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Living in Ireland

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Living in Ireland

Cost of Living in Ireland

It shouldn’t be surprising that living in Ireland is considerably less costly than it is in UK. The difference in prices is especially visible in rent and property prices. For instance – buying an apartment in the centre of London will cost you £16000 per square meter, same kind of apartment in Dublin you can buy for £4000 per square meter.

Buying a House in Ireland

There are no restrictions to buying a house in Ireland. The process is similar to that in the UK, so the steps to follow are usually:

  1. Find a property;
  2. Make an offer — this is not binding;
  3. Find a solicitor;
  4. Arrange for a survey if you wish;
  5. Your solicitor drafts the deed of conveyance and sends it to the seller’s solicitor for  approval. The seller’s solicitor draws up the contract of sale, which has to be approved by yourself and your solicitor. Then you can sign the contract and pay a deposit (10%).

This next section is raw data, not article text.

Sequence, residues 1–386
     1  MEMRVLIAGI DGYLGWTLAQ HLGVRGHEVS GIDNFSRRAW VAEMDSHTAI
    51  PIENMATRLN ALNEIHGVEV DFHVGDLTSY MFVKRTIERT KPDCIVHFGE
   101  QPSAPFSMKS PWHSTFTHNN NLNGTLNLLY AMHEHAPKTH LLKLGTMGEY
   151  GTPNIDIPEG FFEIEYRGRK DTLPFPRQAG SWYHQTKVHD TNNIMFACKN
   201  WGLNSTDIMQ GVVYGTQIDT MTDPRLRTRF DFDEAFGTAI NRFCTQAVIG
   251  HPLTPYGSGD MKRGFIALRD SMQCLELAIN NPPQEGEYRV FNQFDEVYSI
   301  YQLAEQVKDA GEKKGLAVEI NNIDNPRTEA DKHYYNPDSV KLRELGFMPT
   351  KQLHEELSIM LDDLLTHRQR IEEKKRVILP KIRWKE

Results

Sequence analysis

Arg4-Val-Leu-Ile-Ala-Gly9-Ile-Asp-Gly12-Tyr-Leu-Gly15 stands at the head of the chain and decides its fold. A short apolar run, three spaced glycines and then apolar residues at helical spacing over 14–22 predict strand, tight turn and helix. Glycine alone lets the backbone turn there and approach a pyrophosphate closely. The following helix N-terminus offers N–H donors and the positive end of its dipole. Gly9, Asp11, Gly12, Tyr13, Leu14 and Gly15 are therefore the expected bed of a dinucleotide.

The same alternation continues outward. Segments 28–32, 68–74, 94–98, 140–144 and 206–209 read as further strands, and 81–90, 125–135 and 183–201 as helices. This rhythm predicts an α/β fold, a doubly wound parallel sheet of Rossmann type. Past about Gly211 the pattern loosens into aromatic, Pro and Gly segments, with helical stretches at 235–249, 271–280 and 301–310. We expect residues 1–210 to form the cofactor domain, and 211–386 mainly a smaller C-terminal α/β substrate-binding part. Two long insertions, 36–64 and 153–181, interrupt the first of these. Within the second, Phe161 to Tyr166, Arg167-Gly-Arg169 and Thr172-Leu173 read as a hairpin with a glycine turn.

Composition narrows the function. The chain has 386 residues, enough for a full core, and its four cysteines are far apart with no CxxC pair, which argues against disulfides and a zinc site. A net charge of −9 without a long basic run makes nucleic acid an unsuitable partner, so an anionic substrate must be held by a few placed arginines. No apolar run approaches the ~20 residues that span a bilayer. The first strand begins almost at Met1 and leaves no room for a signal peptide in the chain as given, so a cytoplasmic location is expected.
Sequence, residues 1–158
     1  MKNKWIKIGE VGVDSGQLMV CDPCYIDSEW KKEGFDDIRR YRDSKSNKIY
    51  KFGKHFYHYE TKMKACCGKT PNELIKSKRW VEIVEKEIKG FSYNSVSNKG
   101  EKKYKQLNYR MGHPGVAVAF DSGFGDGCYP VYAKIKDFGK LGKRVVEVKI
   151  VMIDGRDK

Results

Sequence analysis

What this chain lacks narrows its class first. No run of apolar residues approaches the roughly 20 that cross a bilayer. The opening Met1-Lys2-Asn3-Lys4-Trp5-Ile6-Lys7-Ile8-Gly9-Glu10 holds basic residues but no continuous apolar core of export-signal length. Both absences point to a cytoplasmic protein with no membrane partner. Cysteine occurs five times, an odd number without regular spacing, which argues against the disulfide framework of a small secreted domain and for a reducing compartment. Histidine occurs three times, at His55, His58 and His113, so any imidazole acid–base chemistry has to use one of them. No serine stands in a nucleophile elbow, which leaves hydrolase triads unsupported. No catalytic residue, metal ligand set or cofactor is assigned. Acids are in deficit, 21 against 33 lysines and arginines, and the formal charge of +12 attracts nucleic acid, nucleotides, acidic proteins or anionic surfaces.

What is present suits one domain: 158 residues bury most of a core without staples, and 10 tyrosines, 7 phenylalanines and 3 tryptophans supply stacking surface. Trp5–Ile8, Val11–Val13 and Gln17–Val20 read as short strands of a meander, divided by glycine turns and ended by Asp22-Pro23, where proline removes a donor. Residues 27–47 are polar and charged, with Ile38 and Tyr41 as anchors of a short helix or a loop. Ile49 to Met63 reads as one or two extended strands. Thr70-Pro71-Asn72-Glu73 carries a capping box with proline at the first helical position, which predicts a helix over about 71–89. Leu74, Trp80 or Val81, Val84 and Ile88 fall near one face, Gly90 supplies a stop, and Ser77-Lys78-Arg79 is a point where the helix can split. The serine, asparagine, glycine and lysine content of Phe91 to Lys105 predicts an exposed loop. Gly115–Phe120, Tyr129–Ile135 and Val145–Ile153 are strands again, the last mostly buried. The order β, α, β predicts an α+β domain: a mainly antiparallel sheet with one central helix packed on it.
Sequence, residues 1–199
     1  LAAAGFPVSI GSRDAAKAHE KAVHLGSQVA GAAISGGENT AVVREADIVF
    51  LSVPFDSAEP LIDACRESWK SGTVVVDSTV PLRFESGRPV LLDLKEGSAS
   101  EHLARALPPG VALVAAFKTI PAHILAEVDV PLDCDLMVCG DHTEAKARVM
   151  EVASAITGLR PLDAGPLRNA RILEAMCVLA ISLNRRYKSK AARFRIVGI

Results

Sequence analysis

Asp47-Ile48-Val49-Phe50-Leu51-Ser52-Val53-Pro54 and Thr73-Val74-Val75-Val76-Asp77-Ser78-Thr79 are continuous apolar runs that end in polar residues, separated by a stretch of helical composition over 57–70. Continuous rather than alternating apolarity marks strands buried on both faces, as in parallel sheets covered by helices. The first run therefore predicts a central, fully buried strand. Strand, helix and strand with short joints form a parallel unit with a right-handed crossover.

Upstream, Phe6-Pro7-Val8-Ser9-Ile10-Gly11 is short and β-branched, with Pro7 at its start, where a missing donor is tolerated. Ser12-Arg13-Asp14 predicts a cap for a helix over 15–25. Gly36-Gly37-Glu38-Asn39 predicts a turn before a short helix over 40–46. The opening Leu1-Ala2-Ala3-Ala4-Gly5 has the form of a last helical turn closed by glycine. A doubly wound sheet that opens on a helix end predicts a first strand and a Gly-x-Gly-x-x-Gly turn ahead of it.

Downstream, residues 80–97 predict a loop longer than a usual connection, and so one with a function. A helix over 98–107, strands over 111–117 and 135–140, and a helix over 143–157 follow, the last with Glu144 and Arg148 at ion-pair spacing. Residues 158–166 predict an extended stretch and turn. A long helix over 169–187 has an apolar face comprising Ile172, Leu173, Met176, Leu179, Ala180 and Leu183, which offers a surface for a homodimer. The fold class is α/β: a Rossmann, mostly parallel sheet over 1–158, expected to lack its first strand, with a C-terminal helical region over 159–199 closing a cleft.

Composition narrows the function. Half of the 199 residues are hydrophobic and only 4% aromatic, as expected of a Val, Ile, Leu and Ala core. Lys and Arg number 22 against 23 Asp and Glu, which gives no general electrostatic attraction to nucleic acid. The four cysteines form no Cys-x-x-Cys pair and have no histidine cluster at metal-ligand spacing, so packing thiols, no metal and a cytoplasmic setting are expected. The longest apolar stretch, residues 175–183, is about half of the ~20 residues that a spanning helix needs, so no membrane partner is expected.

6. The conveyance usually takes 6-8 weeks. You now pay the stamp duty and the sale is registered at the land registry office — which can take up to 6 months.

Your costs will come to between 4.5 and 14.5% of the purchase price. The range of prices figures between £1.2 million for a house of character with 5 or 6 bedrooms, to around £40 000 for a studio apartment. You will need an Irish bank account to transfer funds, and because the transaction will be in euro, the currency rates will affect you. Buying a house usually costs more than you expect, so it is good to factor in some extra money.

Working in Ireland

Because of The European Free Movement of Workers agreement you can live and work in Ireland without a visa or work permit.

There are a number of tools for finding employment in Ireland. Most notably Foras, which is the Irish National Training and Employment Authority. It has employment centres throughout Ireland where help can be sought with job seeking, career advice and training.

Other ways of finding job

One useful website is Recruit Ireland

Irish people aren’t traditionally entrepreneurial and there isn’t an ingrained enterprise culture. Most people work nine to five for a large company. Being self-employed, which often involves working up to 18 hours a day, isn’t seen as an attractive proposition. However, a more entrepreneurial attitude is spreading throughout the country, and Ireland is now ranked second in the EU for entrepreneurial activity. Always obtain professional advice before deciding whether to operate as a sole trader or form a company in Ireland, as it has far-reaching social security, tax and other consequences.

Other articles about living in Ireland

Published By VanOne
Last updated on 3rd April 2020

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